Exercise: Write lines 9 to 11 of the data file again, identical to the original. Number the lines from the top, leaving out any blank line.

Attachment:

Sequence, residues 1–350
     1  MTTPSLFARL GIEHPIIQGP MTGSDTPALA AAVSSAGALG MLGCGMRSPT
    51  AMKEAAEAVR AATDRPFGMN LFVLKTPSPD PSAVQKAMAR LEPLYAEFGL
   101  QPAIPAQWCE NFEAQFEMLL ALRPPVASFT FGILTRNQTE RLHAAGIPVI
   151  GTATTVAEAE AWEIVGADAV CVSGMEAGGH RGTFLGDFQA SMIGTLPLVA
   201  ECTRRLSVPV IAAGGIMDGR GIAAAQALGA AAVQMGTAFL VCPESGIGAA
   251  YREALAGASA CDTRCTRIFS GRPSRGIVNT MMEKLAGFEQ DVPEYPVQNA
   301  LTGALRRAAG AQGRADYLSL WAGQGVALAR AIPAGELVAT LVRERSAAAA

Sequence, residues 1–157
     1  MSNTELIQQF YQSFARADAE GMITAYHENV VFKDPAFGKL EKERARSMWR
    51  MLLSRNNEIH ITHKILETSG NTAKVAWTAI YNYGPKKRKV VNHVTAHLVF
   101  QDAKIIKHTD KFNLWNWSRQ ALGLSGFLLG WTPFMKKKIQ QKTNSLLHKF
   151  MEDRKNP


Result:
Sequence, residues 1–157
     1  MSNTELIQQF YQSFARADAE GMITAYHENV VFKDPAFGKL EKERARSMWR
    51  MLLSRNNEIH ITHKILETSG NTAKVAWTAI YNYGPKKRKV VNHVTAHLVF